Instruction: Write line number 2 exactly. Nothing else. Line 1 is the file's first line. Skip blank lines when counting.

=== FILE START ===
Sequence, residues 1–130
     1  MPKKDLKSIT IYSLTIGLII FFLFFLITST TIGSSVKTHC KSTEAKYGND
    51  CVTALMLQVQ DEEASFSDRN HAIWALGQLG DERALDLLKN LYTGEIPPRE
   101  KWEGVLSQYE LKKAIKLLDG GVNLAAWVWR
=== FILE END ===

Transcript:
     1  MPKKDLKSIT IYSLTIGLII FFLFFLITST TIGSSVKTHC KSTEAKYGND